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Windows PowerShell commands to clean up scripts for SQL Azure

Update 9/1: George Huey released an amazing tool, the “SQL Azure Migration Wizard”!  Here’s more info:

  SQL Azure Migration Wizard – Information and Screencast

  SQL Azure Migration Wizard – Source Code and Binaries

Good times!

A couple of days ago, I published my notes on what steps need to be taken to clean up a SQL script generated on an on-premise SQL Server 2008 so it can run on SQL Azure.

As I started creating a real schema with primary keys, indexes, foreign keys, Stored Procedures, etc…  I realized it was a pain to manually have to clean up these scripts each time I wanted to update my SQL Azure database.

I thought of a few solutions and decided to go with a fast and easy way to clean up the SQL scripts using Windows PowerShell.  Here’s the content of my CleanUpScriptForSQLAzure.ps1 script:

function Replace-String($find, $replace, $path) 
    echo "Replacing string `"$find`" with string `"$replace`" in file contents and file names of path: $path" 
    ls $path | select-string $find -list |% { echo "Processing contents of $($_.Path)"; (get-content $_.Path) |% { $_ -replace $find, $replace } | set-content $_.Path -Force } 
    ls $path\*$find* |% { echo "Renaming $($_.FullName) to $($_.FullName.Replace($find, $replace))";mv $_.FullName $_.FullName.Replace($find, $replace) } 

# After generating a script with SSMS we need to clean it up before running it on SQL Azure
Replace-String "SET ANSI_NULLS ON" "" "c:\data\sqlazurescripts"
Replace-String "SET ANSI_NULLS OFF" "" "c:\data\sqlazurescripts"
Replace-String "SET ANSI_PADDING ON" "" "c:\data\sqlazurescripts"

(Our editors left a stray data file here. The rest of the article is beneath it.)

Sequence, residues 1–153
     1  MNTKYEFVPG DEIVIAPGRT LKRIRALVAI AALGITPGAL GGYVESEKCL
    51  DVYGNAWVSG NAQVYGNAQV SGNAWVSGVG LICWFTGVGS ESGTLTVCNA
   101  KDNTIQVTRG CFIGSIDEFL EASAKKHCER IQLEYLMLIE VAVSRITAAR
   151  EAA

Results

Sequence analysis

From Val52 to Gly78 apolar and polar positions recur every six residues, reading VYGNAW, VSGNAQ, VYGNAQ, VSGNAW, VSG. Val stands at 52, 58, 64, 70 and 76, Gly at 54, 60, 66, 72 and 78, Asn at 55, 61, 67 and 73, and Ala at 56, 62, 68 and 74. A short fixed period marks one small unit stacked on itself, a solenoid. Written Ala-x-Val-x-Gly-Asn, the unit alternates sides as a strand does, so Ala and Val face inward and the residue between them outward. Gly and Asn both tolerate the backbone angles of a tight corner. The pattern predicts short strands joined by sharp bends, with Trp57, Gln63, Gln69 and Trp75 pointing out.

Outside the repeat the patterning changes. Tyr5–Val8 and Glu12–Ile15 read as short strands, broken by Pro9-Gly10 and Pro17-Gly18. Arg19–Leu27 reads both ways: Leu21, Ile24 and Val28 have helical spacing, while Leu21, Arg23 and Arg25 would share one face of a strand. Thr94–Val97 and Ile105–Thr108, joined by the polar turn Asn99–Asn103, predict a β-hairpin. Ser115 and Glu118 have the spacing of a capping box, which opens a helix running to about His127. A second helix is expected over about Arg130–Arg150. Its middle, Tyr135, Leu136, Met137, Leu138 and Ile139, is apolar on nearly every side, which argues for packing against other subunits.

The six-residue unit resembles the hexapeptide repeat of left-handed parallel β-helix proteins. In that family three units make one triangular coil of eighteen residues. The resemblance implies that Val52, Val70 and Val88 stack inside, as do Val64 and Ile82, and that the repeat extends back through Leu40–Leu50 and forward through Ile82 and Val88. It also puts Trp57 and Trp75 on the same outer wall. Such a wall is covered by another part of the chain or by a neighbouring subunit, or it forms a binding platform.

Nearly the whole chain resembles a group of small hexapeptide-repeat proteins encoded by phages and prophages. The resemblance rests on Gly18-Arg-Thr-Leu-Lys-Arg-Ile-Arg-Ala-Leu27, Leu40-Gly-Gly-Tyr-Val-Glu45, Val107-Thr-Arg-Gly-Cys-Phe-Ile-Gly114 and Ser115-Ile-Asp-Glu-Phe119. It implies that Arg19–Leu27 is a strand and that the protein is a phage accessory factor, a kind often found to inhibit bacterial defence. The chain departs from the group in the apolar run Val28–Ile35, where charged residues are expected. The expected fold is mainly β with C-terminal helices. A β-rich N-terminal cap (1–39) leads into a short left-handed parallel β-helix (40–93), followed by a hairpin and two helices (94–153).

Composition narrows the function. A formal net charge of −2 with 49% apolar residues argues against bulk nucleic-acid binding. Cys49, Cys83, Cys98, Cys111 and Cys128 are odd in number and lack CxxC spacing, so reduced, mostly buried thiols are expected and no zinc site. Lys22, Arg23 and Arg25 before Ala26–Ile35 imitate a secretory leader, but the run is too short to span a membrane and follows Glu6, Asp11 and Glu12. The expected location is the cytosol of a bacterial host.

Replace-String "SET ANSI_PADDING OFF" "" "c:\data\sqlazurescripts"
Replace-String "ON \[PRIMARY\]" "" "c:\data\sqlazurescripts"
Replace-String "\(PAD_INDEX = OFF," "(" "c:\data\sqlazurescripts"
Replace-String ",PAD_INDEX = OFF" "" "c:\data\sqlazurescripts"
Replace-String ", PAD_INDEX = OFF" "" "c:\data\sqlazurescripts"
Replace-String "PAD_INDEX = OFF" "" "c:\data\sqlazurescripts"
Replace-String ",SORT_IN_TEMPDB = OFF" "" "c:\data\sqlazurescripts"
Replace-String ", SORT_IN_TEMPDB = OFF" "" "c:\data\sqlazurescripts"
Replace-String "SORT_IN_TEMPDB = OFF" "" "c:\data\sqlazurescripts"
Replace-String ",ALLOW_ROW_LOCKS = ON" "" "c:\data\sqlazurescripts"
Replace-String ", ALLOW_ROW_LOCKS = ON" "" "c:\data\sqlazurescripts"
Replace-String "ALLOW_ROW_LOCKS = ON" "" "c:\data\sqlazurescripts"
Replace-String ",ALLOW_PAGE_LOCKS = ON" "" "c:\data\sqlazurescripts"
Replace-String ", ALLOW_PAGE_LOCKS = ON" "" "c:\data\sqlazurescripts"
Replace-String "ALLOW_PAGE_LOCKS = ON" "" "c:\data\sqlazurescripts"

To use the above script, generate the SQL scripts using SQL Server Management Studio pointing to an on-premise SQL Server and save the scripts in the “c:\data\sqlazurescripts” folder (or any other folder you prefer).


Then run CleanUpScriptForSQLAzure.ps1 and you should see something like this:


I have found that this PowerShell script cleans up all of the scripts I’ve generated so far – including both scripts to generate schema and data, and scripts to create the stored procedures.  But there are some commands not yet included in the above script (see my published notes for more details).

Until Microsoft gives us a better tool we can use these PowerShell commands to clean up the SQL scripts.  You may also want to check out the SQL Azure Manager CTP on hanssens.org.

Final note: if you get errors executing the CleanUpScriptForSQLAzure.ps1 script in Powershell, you will need to update your execution policy.  Here’s a good page with pointers on how to do that:

  Introduction to Windows PowerShell Cmdlets

Setting “ExecutionPolicy = RemoteSigned” in HKLM\SOFTWARE\Microsoft\PowerShell\1\ShellIds\Microsoft.PowerShell worked for me.

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This page contains a single entry from the blog posted on August 27, 2009 3:08 PM.

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